First, the point of departure must be the assistance we should provide to the Government of National Unity in the Sudan to reinforce its ability to address the situation in Darfur. That should involve a clear approach that does not undermine the country’s sovereignty or territorial integrity. The approach should not exacerbate the situation on the ground but should be based on an all-inclusive peace agreement.
Secondly, we need to improve the difficult humanitarian situation in Darfur. That should take place within a framework of enhanced understanding and constructive cooperation with the Sudanese parties aimed at increasing the level of humanitarian assistance and facilitating the access to and the delivery of such assistance to the needy in a manner commensurate with the dire humanitarian situation in the region, and in a manner that would lead to the return of refugees and internally displaced persons to their homes.
Thirdly, we need to introduce a clear approach and to take significant steps towards the launching of the Darfur-Darfur dialogue, which should bring together all parties and tribes which were not party to the crisis and which did not carry arms. Such an inclusive approach will guarantee the launching of an integrated national reconciliation process, ensure justice and widen the base of consensus on the requirements for peace and stability within the unity and sovereignty of the Sudan. We believe that the relationship between the United Nations and the Government of National Unity of the Sudan, and with the people of the Sudan in general, must be based on a comprehensive partnership that can instil mutual trust and cooperation that would complement the efforts under way to convince the non-signatories of the agreement to join it and to refrain from obstructing its implementation.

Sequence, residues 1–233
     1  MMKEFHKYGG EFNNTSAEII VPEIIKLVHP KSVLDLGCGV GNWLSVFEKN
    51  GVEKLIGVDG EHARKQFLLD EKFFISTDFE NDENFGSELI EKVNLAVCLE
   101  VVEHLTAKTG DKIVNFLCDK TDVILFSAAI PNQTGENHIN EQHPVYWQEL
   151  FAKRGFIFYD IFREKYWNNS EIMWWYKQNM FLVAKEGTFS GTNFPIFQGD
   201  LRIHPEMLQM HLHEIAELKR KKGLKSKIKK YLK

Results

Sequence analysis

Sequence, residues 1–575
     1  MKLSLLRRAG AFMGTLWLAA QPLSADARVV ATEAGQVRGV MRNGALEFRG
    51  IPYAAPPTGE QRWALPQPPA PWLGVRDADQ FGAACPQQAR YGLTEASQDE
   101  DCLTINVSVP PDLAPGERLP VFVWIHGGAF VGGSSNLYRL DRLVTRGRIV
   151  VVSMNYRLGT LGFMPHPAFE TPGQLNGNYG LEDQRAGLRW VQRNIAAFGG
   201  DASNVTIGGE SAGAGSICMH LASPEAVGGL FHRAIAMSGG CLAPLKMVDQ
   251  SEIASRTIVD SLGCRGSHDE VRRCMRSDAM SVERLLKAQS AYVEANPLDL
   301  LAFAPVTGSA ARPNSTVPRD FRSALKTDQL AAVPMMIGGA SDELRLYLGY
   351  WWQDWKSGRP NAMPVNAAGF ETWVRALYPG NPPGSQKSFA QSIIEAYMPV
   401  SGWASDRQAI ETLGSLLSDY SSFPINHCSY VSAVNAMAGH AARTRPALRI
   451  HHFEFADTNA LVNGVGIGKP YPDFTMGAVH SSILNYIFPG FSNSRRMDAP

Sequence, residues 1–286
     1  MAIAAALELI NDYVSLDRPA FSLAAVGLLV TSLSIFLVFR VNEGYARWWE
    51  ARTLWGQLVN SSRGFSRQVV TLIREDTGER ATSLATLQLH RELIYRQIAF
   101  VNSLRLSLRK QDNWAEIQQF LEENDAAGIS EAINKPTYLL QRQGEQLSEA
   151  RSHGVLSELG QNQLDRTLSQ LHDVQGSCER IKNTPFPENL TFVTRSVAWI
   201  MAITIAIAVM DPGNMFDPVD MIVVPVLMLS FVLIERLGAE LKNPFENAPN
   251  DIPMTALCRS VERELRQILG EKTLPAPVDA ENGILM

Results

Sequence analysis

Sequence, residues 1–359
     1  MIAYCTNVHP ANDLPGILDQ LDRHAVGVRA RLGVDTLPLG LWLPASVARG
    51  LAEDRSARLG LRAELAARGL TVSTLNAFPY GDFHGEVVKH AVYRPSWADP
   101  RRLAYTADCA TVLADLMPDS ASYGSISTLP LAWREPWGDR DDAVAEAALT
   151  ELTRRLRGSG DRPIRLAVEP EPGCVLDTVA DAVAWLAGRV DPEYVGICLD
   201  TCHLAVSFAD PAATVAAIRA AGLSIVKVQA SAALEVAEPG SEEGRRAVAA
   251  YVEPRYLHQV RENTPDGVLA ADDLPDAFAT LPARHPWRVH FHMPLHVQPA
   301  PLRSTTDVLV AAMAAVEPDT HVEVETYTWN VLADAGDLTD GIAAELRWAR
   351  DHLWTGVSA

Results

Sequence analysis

Fourthly, we must embark on a process of formulating a comprehensive plan for reconstruction in Darfur within a more comprehensive framework of development in all the regions of the Sudan. Such an endeavour is essential for the elimination of potential conflict over resources, which might provide the grounds for renewed armed violence in the region. Egypt prepared an integrated programme with a view to contributing to reconstruction and development efforts in southern Sudan and began to implement it in cooperation with the Government of National Unity shortly after the signing of the Comprehensive Peace Agreement. The programme consists of a package of projects in the areas of health, education and infrastructure development. Egypt is currently preparing a similar programme for the reconstruction and development of Darfur, to be implemented as soon as the Darfur Peace Agreement becomes all-inclusive.
Fifthly, we must initiate, without delay, the process of strengthening the African Union Mission in the Sudan (AMIS) so that it can carry out its vital role in monitoring the implementation of the Darfur Peace Agreement during the transition period, in accordance with the enhanced concept of operations under consideration by the African Union Peace and Security Council. Our preliminary reading of the enhanced concept of operations suggests that that it would lead to the major transformation of the AMIS mandate — if AMIS were to become a full-fledged peacekeeping operation. We therefore stress the need for the parties to the Darfur Peace Agreement to agree to the proposed new mandate of AMIS.
In the meantime, we look forward to the international community’s providing political and financial support to AMIS. We hope that the forthcoming donor conference, scheduled to take place in Brussels on 17 July, will produce tangible results in translating such support into practical commitments.
Sixthly, we need to consider the Darfur Peace Agreement in an integrated and comprehensive context, taking account of other existing political and operational arrangements in all parts of the Sudan, particularly the Comprehensive Peace Agreement and the positive developments in the talks taking place in eastern Sudan. In that way we would prevent too close a focus on one issue, to the detriment of other efforts to ensure lasting peace and stability in the Sudan.